Rangel, Nicolas , Jr. (2007-08). Part of something larger than ourselves: George H.W. Bush and the rhetoric of the first U.S. war in the Persian Gulf. Doctoral Dissertation. Thesis uri icon

abstract

  • During Operations Desert Shield and Desert Storm, George H.W. Bush achieved the rhetorical success that had escaped his prior speaking endeavors. If the aforementioned assessments regarded Bush's Gulf War rhetoric as a rhetorical triumph, in light of prior damning criticism of his rhetorical abilities, then an explanation for that triumph is in order. Bush's rhetoric differed from his Presidential predecessors by virtue of two factors. First, as the first U.S. president of the Post-Cold War era, Bush's rhetoric faced different rhetorical constraints than those faced by his predecessors, as he no longer had the narrative framework of the Cold War to explain U.S. foreign policy action. Second, Bush rhetorically juxtaposed American exceptionalism and realism within his rhetoric itself. This differed from the rhetoric of his immediate predecessor, Ronald Reagan, whose rhetoric employed American exceptionalism without reference to realism, although that rhetoric was strategically geared toward achieving realist foreign policy ends. Bush's success was also considerable in that he faced significant rhetorical constraints created or exacerbated by Reagan. Reagan's reputation as the "Great Communicator," contrasted with Bush's less-than-stellar reputation as an orator, makes Bush's rhetorical success particularly worth understanding. President George H.W. Bush relied on three particular arguments to facilitate a U.S. military victory during the 1991 Persian Gulf War. These arguments differed considerably from foreign policy arguments offered by the Reagan administration with respect to the manner in which they addressed issues concerning the United Nations and the Vietnam War. First, Bush promoted U.N. diplomacy as a subsidiary of U.S. foreign policy. For Bush, the U.N. served as a venue where world opinion could be galvanized and action serving United States interests would not be constrained so much as legitimized. Second, he compared and contrasted U.S. action in the Gulf to the Vietnam War. In doing so, he combined the moral urgency of prior foreign policy efforts with the hindsight necessary to avoid a repeat of the American experience in Vietnam. Third, in retrospectively assessing the Gulf War, Bush depicted the conflict as a discrete foreign policy event in which he narrowly defined victory. Bush defined victory as the removal of Iraqi forces from Kuwait, in an attempt to shape a historical consensus on the significance of U.S. action.
  • During Operations Desert Shield and Desert Storm, George H.W. Bush achieved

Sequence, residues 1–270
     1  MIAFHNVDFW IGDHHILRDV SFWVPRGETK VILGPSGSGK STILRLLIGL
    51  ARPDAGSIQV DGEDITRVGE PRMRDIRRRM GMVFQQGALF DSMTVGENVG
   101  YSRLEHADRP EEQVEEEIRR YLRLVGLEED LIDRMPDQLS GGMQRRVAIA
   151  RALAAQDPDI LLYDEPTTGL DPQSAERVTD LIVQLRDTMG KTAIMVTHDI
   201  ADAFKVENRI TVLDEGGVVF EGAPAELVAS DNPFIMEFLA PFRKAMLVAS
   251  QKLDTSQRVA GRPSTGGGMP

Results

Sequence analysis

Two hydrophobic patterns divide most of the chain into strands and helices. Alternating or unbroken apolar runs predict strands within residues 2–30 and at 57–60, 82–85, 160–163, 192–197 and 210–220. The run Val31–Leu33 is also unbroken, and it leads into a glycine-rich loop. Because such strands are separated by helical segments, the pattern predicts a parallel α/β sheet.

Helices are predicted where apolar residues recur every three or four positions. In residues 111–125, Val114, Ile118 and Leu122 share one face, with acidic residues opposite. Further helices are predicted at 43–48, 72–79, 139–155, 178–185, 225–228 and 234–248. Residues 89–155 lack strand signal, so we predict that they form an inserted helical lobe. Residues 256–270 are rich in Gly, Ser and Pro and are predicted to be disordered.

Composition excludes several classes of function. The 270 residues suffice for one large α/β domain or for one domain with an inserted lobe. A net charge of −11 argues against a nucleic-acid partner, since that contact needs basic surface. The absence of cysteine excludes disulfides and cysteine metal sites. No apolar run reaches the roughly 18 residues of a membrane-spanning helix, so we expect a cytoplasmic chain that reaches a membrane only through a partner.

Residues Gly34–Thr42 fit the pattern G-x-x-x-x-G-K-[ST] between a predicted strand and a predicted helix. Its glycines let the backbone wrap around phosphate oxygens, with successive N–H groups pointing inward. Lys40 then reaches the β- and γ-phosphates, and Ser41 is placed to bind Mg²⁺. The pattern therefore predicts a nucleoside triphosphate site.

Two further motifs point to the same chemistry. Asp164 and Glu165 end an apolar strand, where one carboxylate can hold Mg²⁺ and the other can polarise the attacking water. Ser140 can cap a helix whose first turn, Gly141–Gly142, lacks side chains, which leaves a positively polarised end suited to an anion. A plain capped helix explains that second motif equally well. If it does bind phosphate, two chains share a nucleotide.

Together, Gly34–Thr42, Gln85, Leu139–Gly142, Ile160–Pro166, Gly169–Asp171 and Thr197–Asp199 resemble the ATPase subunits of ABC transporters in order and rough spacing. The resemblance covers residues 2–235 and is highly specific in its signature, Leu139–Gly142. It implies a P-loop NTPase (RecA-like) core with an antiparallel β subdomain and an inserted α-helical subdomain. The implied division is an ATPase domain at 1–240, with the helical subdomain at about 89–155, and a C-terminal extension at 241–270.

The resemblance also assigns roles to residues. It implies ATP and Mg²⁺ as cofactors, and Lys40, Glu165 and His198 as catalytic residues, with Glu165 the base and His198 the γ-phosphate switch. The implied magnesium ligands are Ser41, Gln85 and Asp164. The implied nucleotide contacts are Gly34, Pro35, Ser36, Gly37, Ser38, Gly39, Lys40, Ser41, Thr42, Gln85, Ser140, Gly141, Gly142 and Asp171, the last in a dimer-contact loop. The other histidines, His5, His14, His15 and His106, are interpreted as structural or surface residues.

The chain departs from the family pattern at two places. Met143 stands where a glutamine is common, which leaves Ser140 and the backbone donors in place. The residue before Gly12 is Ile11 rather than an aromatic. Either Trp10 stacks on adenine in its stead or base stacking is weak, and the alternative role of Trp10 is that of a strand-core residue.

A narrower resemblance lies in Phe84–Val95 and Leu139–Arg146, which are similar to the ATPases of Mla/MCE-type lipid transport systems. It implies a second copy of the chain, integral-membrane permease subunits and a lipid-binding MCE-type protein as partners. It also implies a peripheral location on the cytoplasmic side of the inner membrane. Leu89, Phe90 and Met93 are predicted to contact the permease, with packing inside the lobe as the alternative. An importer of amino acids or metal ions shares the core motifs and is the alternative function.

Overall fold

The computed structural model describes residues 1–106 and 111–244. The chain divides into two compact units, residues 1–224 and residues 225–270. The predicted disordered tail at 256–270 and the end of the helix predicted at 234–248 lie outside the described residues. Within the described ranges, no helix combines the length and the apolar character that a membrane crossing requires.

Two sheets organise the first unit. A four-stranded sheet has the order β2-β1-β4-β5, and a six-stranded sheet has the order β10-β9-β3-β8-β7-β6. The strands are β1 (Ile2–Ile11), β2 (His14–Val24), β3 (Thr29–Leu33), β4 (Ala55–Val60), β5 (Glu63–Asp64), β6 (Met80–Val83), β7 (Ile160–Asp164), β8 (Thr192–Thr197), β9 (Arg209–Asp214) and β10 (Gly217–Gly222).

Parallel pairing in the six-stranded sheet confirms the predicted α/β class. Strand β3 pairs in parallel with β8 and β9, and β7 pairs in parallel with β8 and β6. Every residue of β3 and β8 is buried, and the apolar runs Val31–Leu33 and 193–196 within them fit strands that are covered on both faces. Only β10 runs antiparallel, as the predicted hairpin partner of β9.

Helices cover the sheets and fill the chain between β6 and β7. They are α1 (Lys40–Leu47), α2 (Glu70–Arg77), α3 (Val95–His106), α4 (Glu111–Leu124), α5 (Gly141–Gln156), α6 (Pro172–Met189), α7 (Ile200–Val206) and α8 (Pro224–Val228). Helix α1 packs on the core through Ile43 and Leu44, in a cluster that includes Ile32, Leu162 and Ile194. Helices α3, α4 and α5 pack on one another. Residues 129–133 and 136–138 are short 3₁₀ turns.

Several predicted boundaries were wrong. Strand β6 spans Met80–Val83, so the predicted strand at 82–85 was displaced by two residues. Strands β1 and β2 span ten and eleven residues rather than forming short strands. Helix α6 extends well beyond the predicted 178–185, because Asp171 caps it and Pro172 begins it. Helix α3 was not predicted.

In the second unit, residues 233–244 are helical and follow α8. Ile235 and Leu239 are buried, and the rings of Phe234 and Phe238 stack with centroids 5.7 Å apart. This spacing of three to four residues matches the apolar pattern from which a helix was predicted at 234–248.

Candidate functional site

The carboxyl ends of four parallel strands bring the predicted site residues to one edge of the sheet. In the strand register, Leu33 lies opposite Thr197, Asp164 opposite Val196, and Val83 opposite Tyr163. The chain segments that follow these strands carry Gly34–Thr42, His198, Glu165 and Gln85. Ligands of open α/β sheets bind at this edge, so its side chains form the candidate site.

the rhetorical success that had escaped his prior speaking endeavors. If the
    aforementioned assessments regarded Bush's Gulf War rhetoric as a rhetorical triumph,
    in light of prior damning criticism of his rhetorical abilities, then an explanation for that
    triumph is in order. Bush's rhetoric differed from his Presidential predecessors by virtue
    of two factors. First, as the first U.S. president of the Post-Cold War era, Bush's rhetoric
    faced different rhetorical constraints than those faced by his predecessors, as he no
    longer had the narrative framework of the Cold War to explain U.S. foreign policy
    action. Second, Bush rhetorically juxtaposed American exceptionalism and realism
    within his rhetoric itself. This differed from the rhetoric of his immediate predecessor,
    Ronald Reagan, whose rhetoric employed American exceptionalism without reference to
    realism, although that rhetoric was strategically geared toward achieving realist foreign
    policy ends. Bush's success was also considerable in that he faced significant rhetorical
    constraints created or exacerbated by Reagan. Reagan's reputation as the "Great Communicator," contrasted with Bush's less-than-stellar reputation as an orator, makes
    Bush's rhetorical success particularly worth understanding.
    President George H.W. Bush relied on three particular arguments to facilitate a
    U.S. military victory during the 1991 Persian Gulf War. These arguments differed
    considerably from foreign policy arguments offered by the Reagan administration with
    respect to the manner in which they addressed issues concerning the United Nations and
    the Vietnam War. First, Bush promoted U.N. diplomacy as a subsidiary of U.S. foreign
    policy. For Bush, the U.N. served as a venue where world opinion could be galvanized
    and action serving United States interests would not be constrained so much as
    legitimized. Second, he compared and contrasted U.S. action in the Gulf to the Vietnam
    War. In doing so, he combined the moral urgency of prior foreign policy efforts with the
    hindsight necessary to avoid a repeat of the American experience in Vietnam. Third, in
    retrospectively assessing the Gulf War, Bush depicted the conflict as a discrete foreign
    policy event in which he narrowly defined victory. Bush defined victory as the removal
    of Iraqi forces from Kuwait, in an attempt to shape a historical consensus on the
    significance of U.S. action.

publication date

  • August 2007